10 November 2005 Edition
News in brief
Collusion families spied on
Members of the anti-collusion group An Fhirinne were filmed as they picketed the headquarters of the Policing Board on Thursday 3 November.
Sharon Pickering of An Firinne called on the Policing Board to come clean and say if they sanctioned or were involved in the incident.
An Fhirinne members, including relatives of people killed by loyalists in collusion with crown forces, spotted a man with a video recorder at the window across from the Policing Board's headquarters in Belfast's Harbour area (pictured above).
"We want to know who this man is and if he was taping our picket with the authority of the Policing Board or the PSNI. This incident raises the spectre of ongoing intelligence gathering by the very people who stand accused of colluding in the deaths of hundreds of nationalists."
Pickering went on to say that Thursday's picket was organised to highlight collusion and the RUC's handling of cases involving the deaths of nationalists.
Meanwhile, Sinn Féin Councillor Paul Maskey accused the PSNI of being involved in, "an intelligence gathering operation in West Belfast last weekend".
The PSNI had surveillance cameras, mounted on top of landrovers as they passed young people in the Finaghy and Andersonstown areas of the city.
Call on Poyntzpass killers embarrasses DUP
A former unionist paramilitary prisoner, now a DUP press officer in Ballymoney, was heavily criticised after calling for the release of the notorious Poyntzpass killers.
Blair's call embarrassed the DUP who have constantly criticised prisoner releases.
Reacting to Blair's call a DUP spokesperson said: "He [Blair] was not representing the party."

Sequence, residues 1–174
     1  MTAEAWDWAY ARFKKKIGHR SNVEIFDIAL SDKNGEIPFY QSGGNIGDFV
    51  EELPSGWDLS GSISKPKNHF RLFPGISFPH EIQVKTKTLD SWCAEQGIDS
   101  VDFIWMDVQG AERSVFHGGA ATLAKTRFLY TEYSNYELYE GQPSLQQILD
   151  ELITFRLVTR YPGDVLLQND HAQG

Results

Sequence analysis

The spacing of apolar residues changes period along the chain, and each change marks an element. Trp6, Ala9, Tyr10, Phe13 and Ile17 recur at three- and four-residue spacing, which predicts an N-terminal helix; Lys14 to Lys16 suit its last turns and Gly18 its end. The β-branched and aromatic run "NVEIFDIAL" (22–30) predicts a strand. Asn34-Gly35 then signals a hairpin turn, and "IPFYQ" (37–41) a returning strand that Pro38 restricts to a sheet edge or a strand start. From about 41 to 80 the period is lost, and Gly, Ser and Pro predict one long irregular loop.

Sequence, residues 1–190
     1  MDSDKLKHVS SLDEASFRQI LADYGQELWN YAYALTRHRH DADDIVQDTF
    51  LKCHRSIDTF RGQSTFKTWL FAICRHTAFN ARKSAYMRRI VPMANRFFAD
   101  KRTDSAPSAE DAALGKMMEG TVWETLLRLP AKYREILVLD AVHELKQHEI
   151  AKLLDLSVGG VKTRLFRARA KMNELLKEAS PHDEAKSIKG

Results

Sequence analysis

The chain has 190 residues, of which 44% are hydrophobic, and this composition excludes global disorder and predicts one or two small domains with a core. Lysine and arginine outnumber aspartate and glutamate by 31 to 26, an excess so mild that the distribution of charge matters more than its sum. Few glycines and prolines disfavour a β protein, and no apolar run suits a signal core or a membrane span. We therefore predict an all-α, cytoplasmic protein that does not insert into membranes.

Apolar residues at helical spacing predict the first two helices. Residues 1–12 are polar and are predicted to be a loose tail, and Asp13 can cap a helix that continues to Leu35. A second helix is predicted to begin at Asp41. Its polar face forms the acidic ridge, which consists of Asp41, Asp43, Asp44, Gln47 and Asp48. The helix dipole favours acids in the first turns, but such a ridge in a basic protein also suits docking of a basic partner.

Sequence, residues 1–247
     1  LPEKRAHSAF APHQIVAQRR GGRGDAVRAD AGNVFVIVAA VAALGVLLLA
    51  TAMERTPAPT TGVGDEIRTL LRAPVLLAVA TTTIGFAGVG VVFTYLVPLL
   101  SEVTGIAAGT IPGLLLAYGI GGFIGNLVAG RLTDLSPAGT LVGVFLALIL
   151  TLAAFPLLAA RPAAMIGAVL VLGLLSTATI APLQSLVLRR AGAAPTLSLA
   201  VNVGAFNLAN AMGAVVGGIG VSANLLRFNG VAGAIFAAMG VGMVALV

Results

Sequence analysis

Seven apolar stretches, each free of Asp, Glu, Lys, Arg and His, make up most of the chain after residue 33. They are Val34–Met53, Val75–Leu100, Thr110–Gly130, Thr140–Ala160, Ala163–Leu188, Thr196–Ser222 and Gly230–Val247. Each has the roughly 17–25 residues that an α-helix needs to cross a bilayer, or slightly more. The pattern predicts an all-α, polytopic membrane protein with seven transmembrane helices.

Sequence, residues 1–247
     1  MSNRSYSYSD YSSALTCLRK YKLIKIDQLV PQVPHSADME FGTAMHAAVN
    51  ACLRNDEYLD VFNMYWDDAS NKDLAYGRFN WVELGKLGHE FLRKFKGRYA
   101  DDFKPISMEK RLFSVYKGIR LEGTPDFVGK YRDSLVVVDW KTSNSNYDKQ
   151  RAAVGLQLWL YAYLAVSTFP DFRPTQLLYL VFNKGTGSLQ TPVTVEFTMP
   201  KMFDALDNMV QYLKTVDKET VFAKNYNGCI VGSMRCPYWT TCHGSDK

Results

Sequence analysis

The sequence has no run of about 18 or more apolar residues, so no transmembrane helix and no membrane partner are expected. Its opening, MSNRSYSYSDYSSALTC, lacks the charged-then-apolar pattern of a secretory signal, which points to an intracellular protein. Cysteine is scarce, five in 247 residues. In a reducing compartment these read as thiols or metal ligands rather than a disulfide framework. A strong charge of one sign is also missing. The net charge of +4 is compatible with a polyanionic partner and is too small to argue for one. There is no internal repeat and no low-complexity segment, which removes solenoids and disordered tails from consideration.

Gary Blair had called on British Secretary of State Peter Hain to free LVF killers Stephen McClean and Noel McCready in the aftermath of the LVF's decision to disband.
The pair are serving life sentences for the 1998 murders of best friends Catholic Damien Trainor and Protestant Philip Allen who were shot dead in a bar in Poyntzpass, County Armagh.
Ethnic minorities welcomed
New figures indicate West Belfast is the most welcoming area in Belfast for ethnic minorities.
813 racist incidents were recorded across the Six Counties marking a rise of 79.5%. Only 13 racist incidents were recorded in West Belfast compared to South Belfast which topped the poll with 159 incidents.
Flair Campbell, spokes-person for the West Against Racism Network said there had been a great community effort on the ground to stamp out racism and raise awareness.
PSNI ignore sectarian attack
Sinn Féin in Derry has criticised the PSNI after they failed to answer a number of telephone calls reporting sectarian attacks on Nationalist homes in Upper Bennett Street area of the city on Tuesday night 1 November.
Councillor Patricia Logue said that after stones were thrown at homes by a who made their escape into the nearby loyalist Fountain Estate residents made a number of calls to the PSNI but were totally ignored.